Abstract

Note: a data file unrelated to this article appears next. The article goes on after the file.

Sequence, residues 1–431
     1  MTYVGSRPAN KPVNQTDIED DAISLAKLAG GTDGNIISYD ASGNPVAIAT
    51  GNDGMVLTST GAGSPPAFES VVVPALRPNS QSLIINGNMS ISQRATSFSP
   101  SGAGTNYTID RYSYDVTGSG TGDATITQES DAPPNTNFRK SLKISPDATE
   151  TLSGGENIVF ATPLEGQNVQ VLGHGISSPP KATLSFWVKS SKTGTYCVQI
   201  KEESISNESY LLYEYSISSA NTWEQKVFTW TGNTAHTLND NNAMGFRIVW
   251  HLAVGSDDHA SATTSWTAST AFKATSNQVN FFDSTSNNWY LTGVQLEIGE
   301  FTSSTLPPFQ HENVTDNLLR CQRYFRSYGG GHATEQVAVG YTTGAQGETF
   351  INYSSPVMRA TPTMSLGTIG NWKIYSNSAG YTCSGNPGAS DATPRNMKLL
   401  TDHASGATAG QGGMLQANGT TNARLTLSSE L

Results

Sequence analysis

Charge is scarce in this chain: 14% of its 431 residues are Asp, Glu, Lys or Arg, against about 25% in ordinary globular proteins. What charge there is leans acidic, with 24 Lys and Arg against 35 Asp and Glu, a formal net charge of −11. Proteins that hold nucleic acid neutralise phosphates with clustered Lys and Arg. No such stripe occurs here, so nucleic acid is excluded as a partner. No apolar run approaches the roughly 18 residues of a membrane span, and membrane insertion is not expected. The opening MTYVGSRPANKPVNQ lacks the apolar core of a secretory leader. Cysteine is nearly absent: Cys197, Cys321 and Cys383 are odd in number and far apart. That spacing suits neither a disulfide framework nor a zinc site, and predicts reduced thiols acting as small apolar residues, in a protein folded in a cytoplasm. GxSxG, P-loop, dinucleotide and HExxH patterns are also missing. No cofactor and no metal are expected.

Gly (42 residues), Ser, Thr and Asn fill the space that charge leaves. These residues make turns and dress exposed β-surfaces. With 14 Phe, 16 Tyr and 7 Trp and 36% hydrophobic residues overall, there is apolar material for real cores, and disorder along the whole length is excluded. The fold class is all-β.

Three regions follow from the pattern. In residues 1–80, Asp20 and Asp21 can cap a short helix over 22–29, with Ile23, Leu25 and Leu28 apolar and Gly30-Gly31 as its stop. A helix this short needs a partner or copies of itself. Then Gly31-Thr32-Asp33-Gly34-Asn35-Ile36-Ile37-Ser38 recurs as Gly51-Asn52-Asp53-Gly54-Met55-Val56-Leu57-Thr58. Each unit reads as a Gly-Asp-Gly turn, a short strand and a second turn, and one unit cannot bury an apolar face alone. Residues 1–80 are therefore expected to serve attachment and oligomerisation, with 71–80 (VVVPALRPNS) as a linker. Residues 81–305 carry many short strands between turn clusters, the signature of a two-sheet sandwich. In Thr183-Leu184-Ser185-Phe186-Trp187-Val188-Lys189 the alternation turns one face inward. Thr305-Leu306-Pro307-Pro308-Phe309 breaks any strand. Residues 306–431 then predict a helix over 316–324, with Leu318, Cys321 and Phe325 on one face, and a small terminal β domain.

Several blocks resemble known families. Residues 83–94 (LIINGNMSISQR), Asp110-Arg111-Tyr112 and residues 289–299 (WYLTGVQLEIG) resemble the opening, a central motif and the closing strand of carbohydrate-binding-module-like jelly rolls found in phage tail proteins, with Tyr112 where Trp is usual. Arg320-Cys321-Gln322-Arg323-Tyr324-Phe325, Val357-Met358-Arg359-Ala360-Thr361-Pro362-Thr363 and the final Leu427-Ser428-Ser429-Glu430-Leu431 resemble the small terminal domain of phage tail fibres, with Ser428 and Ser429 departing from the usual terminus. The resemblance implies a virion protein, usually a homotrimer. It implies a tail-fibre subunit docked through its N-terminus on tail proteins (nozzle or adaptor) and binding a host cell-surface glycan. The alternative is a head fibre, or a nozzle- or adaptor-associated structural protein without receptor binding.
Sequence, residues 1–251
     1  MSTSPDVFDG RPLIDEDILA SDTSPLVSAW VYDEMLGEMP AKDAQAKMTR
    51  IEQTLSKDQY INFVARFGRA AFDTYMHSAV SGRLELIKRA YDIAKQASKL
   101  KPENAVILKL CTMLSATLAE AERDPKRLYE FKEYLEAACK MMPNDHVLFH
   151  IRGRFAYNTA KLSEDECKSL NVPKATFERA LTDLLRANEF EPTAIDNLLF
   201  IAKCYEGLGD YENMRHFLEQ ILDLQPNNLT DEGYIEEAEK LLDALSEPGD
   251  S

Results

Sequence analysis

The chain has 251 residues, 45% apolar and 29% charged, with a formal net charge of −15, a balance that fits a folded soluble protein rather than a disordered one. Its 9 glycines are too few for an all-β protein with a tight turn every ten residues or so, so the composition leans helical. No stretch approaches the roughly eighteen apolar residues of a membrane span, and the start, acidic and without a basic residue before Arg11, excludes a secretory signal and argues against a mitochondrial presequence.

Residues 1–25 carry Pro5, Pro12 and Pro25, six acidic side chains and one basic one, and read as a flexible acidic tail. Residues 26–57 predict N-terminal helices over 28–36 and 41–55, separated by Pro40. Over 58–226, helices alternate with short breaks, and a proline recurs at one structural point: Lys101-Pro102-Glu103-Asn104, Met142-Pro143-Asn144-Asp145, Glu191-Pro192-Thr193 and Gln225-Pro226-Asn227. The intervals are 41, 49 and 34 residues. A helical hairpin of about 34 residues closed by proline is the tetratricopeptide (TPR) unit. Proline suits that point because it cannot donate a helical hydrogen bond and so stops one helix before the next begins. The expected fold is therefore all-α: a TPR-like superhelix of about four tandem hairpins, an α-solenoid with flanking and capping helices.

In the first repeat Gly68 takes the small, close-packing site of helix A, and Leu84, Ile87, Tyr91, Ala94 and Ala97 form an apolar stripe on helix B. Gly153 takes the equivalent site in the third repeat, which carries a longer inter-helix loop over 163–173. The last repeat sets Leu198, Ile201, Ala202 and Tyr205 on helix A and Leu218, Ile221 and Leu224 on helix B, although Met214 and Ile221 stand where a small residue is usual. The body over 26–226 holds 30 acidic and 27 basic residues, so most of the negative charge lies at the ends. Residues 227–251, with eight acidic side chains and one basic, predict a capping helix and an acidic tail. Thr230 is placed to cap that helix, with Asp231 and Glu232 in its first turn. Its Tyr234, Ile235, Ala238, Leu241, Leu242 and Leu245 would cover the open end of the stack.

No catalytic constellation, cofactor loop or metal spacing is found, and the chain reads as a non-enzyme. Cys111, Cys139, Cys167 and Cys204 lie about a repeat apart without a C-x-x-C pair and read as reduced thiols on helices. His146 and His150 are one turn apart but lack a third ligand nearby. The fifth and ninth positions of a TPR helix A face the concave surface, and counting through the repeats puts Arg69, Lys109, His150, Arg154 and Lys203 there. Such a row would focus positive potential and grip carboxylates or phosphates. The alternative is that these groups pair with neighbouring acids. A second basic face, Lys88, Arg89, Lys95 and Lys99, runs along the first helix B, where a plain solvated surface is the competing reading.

Improved road access is fundamental to the current drive for economic development and livelihood improvement in many parts of the Himalayas. There is a history of over one hundred years of road building in the region and an expanding road network that faces serious challenges to its sustainability. These challenges include severe terrain, dynamic geology and heavy rainfall, with earthquakes, landslides, floods, erosion and sediment posing significant hazards. In both India and Nepal there is a large body of published literature that describes the impact of these hazards on roads, and there are a number of manuals, guidelines and standards for sustainable road construction and maintenance. There is also a strong presence of geological and geohazard expertise in both countries that is able to inform decision-making in route selection and road design. However, it is apparent that this expertise is not always being used and that road construction is sometimes taking place without reference to the established manuals and guidelines. Although the guidelines themselves require consolidating and strengthening in certain areas, including a greater infusion of engineering geology, it is paramount that they are used. The future poses major challenges for the engineering sustainability of road access in the Himalayas, but these can be addressed through careful planning, thorough investigation, adherence to best practice, control of construction practices and learning the lessons of the past.

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